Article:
Fatherland is set in an alternative world where Hitler has won the Second World War. It is April 1964 and one week before Hitler's 75th birthday.
Xavier March, a detective of the Kriminalpolizei, is called out to investigate the discovery of a dead body in a lake near Berlin's most prestigious suburb. As March discovers the identity of the body, he uncovers signs of a conspiracy that could go to the very top of the German Reich.
And, with the Gestapo just one step behind, March, together with an American journalist, is caught up in a race to discover and reveal the truth - a truth that could topple governments and change history.
©1992 Robert Harris (P)2010 BBC Audiobooks Ltd
This is an excellent novel which is gripping from beginning to end. Each of the twists and turns draws you further into the story.
It is enhanced further by the way that it is interweaved with real historical events and characters, creating a convincing and compelling alternative historical scenario.
The narration is also excellent and complements the book well.
All in all, highly recommended.
'Fatherland' is a fantastic 'what-if' novel. It posits the frequently asked question, 'what would have happened had Germany won the Second World War?'
In Robert Harris' novel, it is fast approaching Hitler's 75th birthday, and Germany is completely in control of the European continent, and Britain is very much a vassal state. Only America remains free - and they have been undergoing the same kind of Cold War relationship with Germany which they had with the USSR in real life.
Harris focusses his novel on Detective March, who works for the Berlin police. March is called to investigate the discovery of a body floating in a river, and the investigation leads him to the awful truth about the Holocaust. In Harris' imagined Germany, the average German has chosen to believe the lies about 'resettlement' propagated by the Nazis (or at least don't question them too much). There has never been any investigation, and certainly no facts to back up all the rumours. Yet it is exactly these facts which March discovers - indisputable documentary evidence about the Holocaust, which he is determined to smuggle to America so that the truth can be announced to the world. He is aided in this by a female American journalist (who is a somewhat uninteresting and uninspired character). March is far more interesting: a police officer who has devoted years of his life to catching criminals and bringing them to justice, who is now coming to the realisation that in fact the state he serves is the most guilty and criminal of all.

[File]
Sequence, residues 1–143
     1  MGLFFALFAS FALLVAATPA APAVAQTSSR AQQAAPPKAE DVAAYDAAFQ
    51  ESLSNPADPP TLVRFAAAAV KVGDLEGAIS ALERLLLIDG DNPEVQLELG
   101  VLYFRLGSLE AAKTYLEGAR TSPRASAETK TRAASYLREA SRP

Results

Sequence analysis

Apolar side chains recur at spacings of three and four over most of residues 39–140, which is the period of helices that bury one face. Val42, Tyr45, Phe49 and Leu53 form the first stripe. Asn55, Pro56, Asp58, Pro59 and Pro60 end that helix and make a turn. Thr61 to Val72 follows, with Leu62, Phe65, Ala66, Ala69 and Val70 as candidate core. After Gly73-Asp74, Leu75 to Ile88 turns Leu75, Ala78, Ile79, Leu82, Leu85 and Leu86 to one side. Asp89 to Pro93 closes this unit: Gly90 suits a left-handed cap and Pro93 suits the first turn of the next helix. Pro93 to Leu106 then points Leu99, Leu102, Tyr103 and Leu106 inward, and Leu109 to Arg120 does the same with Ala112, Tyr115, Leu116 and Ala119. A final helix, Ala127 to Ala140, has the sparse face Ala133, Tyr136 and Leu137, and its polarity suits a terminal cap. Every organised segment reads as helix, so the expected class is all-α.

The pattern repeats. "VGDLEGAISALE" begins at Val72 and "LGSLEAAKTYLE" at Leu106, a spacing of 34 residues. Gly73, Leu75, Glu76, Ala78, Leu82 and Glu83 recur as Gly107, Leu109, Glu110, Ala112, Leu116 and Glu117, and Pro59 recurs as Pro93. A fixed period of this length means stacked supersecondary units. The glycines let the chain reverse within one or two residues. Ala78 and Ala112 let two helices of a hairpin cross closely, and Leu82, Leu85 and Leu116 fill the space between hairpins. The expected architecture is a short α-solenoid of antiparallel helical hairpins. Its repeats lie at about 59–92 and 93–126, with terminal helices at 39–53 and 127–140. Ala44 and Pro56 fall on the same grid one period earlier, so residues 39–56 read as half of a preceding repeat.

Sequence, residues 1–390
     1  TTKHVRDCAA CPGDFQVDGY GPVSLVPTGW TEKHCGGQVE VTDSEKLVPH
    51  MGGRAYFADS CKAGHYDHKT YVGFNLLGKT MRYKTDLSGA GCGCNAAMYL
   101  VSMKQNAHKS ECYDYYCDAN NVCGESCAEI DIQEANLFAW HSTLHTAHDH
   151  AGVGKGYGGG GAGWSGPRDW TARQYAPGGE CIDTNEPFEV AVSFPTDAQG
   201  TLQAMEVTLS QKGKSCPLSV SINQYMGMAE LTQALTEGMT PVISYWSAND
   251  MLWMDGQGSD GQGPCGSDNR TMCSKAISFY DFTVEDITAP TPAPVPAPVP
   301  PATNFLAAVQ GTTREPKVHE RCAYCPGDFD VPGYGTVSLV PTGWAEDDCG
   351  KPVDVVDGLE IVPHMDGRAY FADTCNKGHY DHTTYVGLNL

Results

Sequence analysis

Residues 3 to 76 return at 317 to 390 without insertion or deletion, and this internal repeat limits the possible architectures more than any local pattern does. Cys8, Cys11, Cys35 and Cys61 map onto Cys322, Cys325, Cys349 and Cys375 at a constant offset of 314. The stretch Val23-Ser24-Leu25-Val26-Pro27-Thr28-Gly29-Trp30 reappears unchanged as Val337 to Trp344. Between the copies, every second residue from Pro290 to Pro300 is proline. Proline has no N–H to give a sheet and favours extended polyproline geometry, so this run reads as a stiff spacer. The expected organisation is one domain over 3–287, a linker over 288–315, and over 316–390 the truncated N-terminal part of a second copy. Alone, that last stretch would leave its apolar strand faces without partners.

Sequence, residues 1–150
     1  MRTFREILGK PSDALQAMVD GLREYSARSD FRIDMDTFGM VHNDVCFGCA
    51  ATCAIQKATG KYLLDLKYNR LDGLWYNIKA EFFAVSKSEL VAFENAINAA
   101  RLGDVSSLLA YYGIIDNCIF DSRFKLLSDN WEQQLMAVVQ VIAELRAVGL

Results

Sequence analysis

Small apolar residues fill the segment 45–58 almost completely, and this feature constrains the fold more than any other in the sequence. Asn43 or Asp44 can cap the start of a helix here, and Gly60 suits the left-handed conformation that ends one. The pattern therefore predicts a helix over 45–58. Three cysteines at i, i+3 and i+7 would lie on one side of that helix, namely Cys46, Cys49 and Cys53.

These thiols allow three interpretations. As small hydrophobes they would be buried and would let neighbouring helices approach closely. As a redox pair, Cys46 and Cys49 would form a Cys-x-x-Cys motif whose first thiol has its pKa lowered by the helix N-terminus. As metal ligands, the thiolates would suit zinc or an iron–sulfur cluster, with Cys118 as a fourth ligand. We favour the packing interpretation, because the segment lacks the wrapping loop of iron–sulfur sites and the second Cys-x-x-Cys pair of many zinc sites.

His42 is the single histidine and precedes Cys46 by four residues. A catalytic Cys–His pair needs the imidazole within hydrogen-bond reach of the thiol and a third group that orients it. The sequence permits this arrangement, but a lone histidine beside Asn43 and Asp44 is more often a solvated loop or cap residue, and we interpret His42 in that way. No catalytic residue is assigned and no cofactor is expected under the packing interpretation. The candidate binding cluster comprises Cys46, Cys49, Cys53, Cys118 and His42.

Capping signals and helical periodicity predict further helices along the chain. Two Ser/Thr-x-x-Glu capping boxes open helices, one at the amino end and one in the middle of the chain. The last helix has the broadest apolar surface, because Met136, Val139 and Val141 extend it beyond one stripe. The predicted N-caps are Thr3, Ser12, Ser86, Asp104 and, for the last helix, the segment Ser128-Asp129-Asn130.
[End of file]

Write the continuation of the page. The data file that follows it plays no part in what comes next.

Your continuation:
The novel is fast-paced, and the narration is excellent, creating a real sense of characterisation. Harris has obviously done his research - his descriptions of Berlin are superb, doing a good job of describing the over-the-top architecture envisaged by Hitler and his chief architect, Speer. Harris intersperses genuine history (including quotations from Hitler and Himmler) with all too believable alternate history.
Good book, very interesting set up in the Third Reich. But it would have been nice, if the narrator had a better knowledge of the German language and it’s pronounciation, in order not to bellow out all German words in a very inappropriate way.
I consider this one of Robert Harris' very best books. Having read it as a book some years ago, I wanted to get reaquainted, this time as an audiobook.
Narrator Michael Jayston never gets in the way between author and listener. In fact I am impressed that all the German expressions and names are handled that accurately - not perfectly, but nevertheless admirably.
Recommended without any reservation.
Very intrequing and believable scenario. Michael Jayston has the perfect voice for this tale. Hard to believe I could like an SS officer but Mr Harris brings it off!
I am really surprised that some people criticize this book or the narrator. I don't usually like fiction but this book was really a great listen...
Excellent storyline and an interesting twist on the ?what if? scenario had the allies succumbed to Hitler?s tyranny.
Also an excellent alternative to 1984 without so much of the deep discussions within that (also excellent) novel. Well worth a listen.
As long as you don't approach this book expecting a rhetoric masterpiece, it is a well written, very thrilling and exciting book.
It is very much a cliff-hanger type book, but you will struggle to put it down. It is nerve-wrecking throughout as the Gestapo become more interested in the protagonists anti-social activities. The feeling of terror as the tyrannical government seeps into every aspect of life is present throughout. It is deeply reminiscent of the time but with an modern spin.
Interesting, exciting and, above all, an easy listen!
This truly is a gripping story, well-written and plausible, but as has been said, why, oh why did the narrator not get some instruction in how to pronounce German words? For anyone who speaks German, it is extremely grating to hear the strange attempts made.
Otherwise great, though...sorry to sound pedantic.
Have long been a fan of Robert Harris and Fatherland is up to his normal excellent standard. The claustrophobia of the Fatherland is brought vividly to life and the story detail is as rich as ever. The book is superbly read by Michael Jayston who brings depth to all the characters, indeed Globotchnik is terrific. If you liked Archangel you'll love this, if you haven't heard either, buy them both!
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